How the 2018 Midterm Results Could Impact Clean Energy

November 7, 2018 | Ruth McCormick, Director, State and Federal Affairs, the Business Council for Sustainable Energy and Andy Barnes, Program Manager, Clean Energy Business Network

On Tuesday, November 6, 2018, voters decided the fate of 435 seats in the U.S. House of Representatives, 35 seats in the U.S. Senate, 36 Gubernatorial races, and many state and local races in the 2018 Midterm Election. For a breakdown of results, download the CEBN’s election tracker spreadsheet.

The Big Picture in Congress

As expected, there are numerous new members of Congress heading to Washington. Democrats have picked up 26 seats in the House, more than the 23 they needed to regain control. At time of writing, called races reflect a balance of power of 220 Democrats to 196 Republicans in the House of Representatives (with 19 races too close to call). With Democratic gains in the House, committees and leadership will be reorganized. Many of those leadership decisions may not be finalized until mid-December.

Republicans have won enough seats in the Senate to retain control of the upper chamber. Some results are still being finalized but overall, Republicans are expected to pick up a net of 3 new seats, ousting 4 incumbent Democratic Senators and losing one incumbent Republican seat. These changes will strengthen the Republican majority to 54 seats, compared to Democrats’ 46.

The election results ensure that progress on any issue, including energy policy, would require both chambers of Congress and the Administration to work together.

Nancy Pelosi is expected, but not guaranteed, to be elected as Speaker of the House, a position she last held 8 years ago. Will a divided Congress and President spell more gridlock? Not necessarily: When Pelosi last held the Speaker gavel during the George Bush Administration, Congress enacted the Energy Independence and Security Act of 2007, one of the most significant energy bills ever signed into law.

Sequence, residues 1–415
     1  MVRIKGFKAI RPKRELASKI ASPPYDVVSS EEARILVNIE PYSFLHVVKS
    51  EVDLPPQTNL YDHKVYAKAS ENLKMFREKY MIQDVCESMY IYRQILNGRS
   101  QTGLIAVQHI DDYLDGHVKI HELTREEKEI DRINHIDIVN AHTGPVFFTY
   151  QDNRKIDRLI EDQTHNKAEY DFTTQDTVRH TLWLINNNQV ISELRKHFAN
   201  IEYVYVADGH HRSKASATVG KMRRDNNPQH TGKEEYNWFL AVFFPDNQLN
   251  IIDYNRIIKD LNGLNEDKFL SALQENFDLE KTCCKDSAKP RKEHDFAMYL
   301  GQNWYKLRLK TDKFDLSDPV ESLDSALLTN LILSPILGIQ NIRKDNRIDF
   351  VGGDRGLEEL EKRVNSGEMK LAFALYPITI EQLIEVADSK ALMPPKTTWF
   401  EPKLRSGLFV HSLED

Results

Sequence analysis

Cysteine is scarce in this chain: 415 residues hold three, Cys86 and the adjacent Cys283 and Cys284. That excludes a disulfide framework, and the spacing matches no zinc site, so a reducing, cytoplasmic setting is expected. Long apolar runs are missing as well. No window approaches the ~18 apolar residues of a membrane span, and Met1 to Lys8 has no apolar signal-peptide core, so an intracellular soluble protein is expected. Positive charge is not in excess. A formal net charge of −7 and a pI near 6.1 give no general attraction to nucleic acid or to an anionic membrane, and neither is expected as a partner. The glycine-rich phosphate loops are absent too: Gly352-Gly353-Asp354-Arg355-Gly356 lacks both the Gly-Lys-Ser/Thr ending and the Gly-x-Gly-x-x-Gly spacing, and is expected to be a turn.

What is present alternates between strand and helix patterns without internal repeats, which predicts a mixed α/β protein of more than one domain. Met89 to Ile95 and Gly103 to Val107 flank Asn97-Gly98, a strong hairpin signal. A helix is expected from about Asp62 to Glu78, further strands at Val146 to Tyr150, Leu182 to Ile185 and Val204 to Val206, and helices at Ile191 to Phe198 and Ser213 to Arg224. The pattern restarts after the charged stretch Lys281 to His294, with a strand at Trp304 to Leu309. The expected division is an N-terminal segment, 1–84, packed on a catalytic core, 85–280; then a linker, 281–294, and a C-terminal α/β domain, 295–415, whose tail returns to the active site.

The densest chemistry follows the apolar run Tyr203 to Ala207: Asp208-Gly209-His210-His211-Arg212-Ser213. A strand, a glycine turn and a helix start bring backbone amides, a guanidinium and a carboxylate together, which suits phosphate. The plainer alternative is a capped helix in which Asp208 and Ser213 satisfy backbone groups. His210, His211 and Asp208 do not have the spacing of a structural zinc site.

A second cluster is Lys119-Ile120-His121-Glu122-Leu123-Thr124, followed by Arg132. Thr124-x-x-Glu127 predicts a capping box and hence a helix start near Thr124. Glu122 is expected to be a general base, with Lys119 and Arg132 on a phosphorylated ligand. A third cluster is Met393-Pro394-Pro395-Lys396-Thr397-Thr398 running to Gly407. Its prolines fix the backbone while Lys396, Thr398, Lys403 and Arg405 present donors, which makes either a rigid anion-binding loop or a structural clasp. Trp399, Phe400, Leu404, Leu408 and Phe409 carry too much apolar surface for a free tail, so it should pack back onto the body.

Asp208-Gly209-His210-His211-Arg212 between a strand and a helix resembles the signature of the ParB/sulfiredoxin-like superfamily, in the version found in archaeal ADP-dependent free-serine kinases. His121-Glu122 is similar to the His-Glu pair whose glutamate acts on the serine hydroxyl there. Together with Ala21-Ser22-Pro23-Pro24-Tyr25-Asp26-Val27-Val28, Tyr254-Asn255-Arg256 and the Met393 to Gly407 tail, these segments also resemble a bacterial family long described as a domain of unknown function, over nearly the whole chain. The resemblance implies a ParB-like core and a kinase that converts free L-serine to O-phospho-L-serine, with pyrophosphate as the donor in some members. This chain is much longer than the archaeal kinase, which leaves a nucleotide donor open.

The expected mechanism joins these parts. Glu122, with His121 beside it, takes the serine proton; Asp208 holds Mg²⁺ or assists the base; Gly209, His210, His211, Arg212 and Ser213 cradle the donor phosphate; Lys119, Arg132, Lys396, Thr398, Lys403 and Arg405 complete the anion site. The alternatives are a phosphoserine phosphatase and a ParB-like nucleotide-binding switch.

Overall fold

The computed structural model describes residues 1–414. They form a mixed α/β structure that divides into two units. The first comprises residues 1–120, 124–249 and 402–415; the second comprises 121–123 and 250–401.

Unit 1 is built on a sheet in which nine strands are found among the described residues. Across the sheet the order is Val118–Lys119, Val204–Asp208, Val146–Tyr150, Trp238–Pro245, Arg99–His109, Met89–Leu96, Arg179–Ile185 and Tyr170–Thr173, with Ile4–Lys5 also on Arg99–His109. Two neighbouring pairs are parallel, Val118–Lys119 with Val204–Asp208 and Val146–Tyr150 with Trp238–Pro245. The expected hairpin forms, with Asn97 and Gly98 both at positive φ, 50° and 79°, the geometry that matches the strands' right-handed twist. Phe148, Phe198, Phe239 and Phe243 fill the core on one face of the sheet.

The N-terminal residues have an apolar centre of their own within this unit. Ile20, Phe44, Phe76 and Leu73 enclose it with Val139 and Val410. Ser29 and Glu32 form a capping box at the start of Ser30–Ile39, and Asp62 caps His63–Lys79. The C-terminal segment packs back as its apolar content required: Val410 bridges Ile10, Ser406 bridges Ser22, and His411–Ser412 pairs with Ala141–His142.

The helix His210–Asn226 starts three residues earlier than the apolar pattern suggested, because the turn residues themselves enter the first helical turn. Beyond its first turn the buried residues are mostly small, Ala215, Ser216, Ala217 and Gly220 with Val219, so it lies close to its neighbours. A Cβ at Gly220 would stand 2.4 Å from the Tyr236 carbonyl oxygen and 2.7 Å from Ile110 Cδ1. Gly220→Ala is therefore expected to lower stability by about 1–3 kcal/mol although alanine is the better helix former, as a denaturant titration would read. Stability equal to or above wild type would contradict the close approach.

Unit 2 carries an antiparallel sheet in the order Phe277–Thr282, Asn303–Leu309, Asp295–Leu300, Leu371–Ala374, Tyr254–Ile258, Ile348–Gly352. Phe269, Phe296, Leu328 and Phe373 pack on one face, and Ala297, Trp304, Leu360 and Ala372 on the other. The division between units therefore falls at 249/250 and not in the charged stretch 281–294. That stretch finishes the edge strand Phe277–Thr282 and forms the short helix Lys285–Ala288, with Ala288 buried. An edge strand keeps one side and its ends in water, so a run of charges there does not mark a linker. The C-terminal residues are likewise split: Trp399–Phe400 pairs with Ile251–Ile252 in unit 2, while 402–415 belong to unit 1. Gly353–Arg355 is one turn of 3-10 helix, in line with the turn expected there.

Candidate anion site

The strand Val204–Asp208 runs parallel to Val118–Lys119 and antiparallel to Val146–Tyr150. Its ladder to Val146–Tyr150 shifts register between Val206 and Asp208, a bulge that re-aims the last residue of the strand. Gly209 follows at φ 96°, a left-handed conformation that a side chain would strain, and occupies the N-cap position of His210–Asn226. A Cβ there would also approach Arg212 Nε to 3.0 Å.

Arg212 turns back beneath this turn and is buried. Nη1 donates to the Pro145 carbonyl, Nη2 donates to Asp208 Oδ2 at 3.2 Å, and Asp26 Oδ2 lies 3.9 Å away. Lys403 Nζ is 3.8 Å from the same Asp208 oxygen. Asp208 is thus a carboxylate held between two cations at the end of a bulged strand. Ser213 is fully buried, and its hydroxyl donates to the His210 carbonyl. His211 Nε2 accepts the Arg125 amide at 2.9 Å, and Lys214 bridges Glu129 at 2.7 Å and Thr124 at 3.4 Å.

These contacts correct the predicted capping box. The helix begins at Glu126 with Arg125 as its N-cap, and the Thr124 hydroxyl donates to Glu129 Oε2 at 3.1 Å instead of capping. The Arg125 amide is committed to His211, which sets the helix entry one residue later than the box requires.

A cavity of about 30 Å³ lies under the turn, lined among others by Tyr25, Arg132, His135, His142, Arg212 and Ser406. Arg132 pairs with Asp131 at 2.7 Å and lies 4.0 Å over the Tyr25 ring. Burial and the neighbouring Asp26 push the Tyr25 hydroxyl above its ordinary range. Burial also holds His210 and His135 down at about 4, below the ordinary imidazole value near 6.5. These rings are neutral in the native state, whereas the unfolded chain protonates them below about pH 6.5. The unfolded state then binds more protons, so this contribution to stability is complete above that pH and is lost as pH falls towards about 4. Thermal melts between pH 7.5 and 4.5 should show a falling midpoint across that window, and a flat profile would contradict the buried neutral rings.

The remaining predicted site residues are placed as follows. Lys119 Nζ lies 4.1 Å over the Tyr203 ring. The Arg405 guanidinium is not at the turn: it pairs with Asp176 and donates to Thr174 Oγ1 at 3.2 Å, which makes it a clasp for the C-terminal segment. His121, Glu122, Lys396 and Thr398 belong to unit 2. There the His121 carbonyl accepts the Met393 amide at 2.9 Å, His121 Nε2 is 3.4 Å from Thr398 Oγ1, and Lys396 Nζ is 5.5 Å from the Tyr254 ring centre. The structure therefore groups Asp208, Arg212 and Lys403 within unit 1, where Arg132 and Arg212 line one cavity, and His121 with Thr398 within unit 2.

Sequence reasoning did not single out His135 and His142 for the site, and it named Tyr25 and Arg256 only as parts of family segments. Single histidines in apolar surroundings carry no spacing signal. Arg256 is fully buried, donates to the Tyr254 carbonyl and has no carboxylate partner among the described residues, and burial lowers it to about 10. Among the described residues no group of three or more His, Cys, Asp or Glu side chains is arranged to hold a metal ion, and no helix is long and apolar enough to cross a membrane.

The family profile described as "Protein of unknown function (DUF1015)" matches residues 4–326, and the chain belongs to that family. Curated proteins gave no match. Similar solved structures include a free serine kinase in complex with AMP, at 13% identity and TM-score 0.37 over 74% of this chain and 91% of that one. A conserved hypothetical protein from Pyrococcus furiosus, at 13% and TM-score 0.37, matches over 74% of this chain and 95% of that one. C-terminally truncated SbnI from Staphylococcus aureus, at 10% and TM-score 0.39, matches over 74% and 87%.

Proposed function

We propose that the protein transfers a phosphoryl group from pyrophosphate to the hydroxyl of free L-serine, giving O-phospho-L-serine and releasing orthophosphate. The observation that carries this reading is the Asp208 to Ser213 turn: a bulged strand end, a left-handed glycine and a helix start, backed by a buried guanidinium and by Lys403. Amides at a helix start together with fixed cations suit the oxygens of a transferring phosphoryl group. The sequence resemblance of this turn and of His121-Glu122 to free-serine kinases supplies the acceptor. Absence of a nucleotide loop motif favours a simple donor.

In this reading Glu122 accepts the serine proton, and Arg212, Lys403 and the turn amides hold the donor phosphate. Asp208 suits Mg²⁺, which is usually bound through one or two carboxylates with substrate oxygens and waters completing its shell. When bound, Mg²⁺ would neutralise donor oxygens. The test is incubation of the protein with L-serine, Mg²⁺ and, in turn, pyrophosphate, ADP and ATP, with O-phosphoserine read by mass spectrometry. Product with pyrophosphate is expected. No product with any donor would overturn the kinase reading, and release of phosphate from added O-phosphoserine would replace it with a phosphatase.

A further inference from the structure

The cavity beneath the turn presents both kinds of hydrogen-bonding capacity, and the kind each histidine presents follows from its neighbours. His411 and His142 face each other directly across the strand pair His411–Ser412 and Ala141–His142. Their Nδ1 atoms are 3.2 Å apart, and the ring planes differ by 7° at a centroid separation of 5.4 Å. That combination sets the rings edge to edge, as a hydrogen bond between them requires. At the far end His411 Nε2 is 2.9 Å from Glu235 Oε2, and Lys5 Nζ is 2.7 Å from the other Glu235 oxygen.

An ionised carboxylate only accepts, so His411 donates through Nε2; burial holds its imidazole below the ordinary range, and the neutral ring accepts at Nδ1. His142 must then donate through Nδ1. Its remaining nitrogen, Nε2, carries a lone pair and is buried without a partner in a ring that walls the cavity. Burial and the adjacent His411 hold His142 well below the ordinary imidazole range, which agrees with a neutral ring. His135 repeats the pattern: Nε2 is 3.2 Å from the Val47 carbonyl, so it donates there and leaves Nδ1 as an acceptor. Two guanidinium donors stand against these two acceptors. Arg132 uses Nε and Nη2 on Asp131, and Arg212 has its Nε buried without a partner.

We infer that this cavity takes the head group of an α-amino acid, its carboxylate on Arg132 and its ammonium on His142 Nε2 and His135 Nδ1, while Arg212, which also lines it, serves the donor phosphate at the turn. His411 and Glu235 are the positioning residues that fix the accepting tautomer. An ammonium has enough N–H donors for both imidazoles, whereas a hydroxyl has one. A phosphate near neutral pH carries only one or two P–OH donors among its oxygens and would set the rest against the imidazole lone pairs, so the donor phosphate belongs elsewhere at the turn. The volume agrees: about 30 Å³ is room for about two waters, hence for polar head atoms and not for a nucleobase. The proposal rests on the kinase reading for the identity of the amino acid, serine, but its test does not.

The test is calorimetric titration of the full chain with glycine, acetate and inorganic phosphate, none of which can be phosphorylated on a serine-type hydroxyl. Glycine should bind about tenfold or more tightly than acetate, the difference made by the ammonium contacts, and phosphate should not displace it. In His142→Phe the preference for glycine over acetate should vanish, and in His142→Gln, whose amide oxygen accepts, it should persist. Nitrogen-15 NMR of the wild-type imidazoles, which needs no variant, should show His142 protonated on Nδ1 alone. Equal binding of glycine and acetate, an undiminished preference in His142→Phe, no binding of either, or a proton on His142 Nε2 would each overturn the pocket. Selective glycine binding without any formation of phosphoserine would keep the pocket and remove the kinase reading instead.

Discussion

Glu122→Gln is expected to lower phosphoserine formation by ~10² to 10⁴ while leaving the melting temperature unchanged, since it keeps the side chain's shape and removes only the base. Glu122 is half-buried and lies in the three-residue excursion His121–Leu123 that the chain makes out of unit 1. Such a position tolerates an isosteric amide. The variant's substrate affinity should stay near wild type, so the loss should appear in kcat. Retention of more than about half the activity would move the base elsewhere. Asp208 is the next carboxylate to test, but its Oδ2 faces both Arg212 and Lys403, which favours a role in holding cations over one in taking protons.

Congress can be expected to focus in a number of areas, including health care, infrastructure, immigration, and House oversight hearings to keep a check and balance on the Administration. The lame duck Congress or 116th Congress will need to tackle several outstanding appropriations, tax policy, and Farm Bill issues relating to energy.

House Committee Changes

The House Energy and Commerce Committee will see big changes in the 116th Congress, with a new Chairman, Frank Pallone (D-NJ) and more than a third of committee seats filled by new members.

There will likely be a reinstatement of the House Select Committee on Climate Change, which will not be a legislative committee, but would give Democrats the platform to hold numerous messaging hearings on climate change.  The Select Committee could serve as a platform for Democrats to make good on their campaign promises to focus on climate change without interfering with the Chamber’s ability to get things done.